Figures 5 and 6 show the ergodic capacity variation for csi-assisted and fixed gain relay cases. Without loss of gen-erality, we fixed the number of antennas to bens=nd=2

andρ1=ρ2=2 dB. We have plotted the ergodic

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Carlo simulations exactly coincide with the analytical ones for csi-assisted one and are closely compatible with the approximated fixed gain ergodic capacity.

Conclusion

We have investigated the performance of a partial relay selection network with the effect of antenna correlation at the source and the destination. Two relay schemes; csi-assisted and fixed gain relay schemes have been con-sidered and exact closed form expressions for outage probability, average SER and ergodic capacity have been derived. Our results can be used to quantify the effect of antenna correlation in partial relay selection. Further, we have provided an asymptotic analysis which can be used to obtain an insight of the system performance. In addition, we have showed that for a higher number of relays, the ergodic capacity can be improved with higher correlation at the source.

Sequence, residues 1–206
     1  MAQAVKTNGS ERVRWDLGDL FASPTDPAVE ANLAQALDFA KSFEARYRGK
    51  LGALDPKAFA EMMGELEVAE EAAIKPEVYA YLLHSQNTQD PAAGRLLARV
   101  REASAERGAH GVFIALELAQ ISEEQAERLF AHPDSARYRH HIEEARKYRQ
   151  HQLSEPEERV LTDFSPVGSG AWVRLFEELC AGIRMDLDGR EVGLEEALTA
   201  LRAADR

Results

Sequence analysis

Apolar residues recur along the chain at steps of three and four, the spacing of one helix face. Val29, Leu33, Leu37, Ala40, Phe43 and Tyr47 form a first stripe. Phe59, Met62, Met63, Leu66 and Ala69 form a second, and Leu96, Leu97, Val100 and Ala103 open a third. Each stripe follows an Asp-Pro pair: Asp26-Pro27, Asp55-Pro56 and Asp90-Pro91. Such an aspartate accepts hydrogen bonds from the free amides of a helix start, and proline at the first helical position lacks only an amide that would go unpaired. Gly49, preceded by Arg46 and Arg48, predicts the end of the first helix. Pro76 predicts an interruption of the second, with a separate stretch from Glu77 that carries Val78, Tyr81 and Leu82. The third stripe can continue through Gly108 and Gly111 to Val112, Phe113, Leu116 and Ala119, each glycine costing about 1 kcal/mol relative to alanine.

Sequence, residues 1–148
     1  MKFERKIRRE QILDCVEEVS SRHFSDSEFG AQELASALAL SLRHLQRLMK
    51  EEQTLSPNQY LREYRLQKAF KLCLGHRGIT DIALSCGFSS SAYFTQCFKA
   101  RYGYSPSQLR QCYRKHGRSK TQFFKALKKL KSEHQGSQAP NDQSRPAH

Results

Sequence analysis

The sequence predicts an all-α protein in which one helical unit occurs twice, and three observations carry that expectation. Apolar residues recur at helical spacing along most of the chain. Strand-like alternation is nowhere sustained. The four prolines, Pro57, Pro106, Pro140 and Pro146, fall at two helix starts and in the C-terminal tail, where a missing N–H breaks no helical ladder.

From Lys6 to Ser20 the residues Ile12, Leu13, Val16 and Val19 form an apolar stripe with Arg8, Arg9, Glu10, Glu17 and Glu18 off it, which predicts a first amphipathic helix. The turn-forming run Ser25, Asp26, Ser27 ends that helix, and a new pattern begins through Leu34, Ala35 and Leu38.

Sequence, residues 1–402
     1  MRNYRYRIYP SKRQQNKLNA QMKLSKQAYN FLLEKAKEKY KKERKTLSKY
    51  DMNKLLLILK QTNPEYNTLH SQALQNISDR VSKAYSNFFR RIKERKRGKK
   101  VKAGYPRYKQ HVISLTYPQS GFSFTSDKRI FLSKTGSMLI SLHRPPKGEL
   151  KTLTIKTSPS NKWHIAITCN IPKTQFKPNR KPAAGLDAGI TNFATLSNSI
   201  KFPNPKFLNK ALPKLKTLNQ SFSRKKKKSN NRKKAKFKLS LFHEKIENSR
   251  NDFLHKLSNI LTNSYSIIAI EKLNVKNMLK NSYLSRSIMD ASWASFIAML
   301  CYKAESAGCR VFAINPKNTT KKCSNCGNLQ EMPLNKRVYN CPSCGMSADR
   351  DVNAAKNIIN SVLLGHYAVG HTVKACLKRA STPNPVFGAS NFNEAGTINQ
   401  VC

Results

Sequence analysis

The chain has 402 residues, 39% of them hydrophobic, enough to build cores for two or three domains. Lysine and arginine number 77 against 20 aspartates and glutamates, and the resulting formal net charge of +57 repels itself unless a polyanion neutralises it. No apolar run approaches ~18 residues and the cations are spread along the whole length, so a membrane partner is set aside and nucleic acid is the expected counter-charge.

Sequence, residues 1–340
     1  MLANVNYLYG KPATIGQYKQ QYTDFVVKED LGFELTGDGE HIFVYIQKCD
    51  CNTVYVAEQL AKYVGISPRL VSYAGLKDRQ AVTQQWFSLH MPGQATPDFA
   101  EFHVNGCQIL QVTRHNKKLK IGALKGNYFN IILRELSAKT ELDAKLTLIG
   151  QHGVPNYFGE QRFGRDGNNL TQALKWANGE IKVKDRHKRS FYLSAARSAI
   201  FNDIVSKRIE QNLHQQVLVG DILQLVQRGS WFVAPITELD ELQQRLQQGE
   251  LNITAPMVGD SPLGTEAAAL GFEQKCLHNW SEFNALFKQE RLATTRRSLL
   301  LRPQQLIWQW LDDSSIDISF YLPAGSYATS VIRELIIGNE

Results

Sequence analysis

Appendix 1

Letγi=ρ1||hsi||Fand we rewrite (1) as,

γ1=max1<i<Lγi (66)

We find the pdf ofγias [25,26],

pγi(z)=

ns

i=1

φins−2

ns

k=1,k=i(φiφk)

exp

z ρ1φi

ρ1

(67)

and cdf ofγias,

Fγi(z)=1−

ns

i=1

φins−1

ns

k=1,k=i(φiφk)

exp

z

ρ1φi

(68)

We assume that the relays are distributed homogeneously such that they have equal average SNR, further, we assume that theS−Ri∀ichannels are independent. Then we can derive the cdf ofγ1as,

1(z) =

% Fγi(z)

&L

=

1−

ns

i=1

φnis−1

nS

k=1,k=i(φiφk)

×exp

z

ρ1φi L

(69)

Using multinominal theorem and after some simplifica-tions, we derive1(z)as in (8),

Appendix 2 Outage probability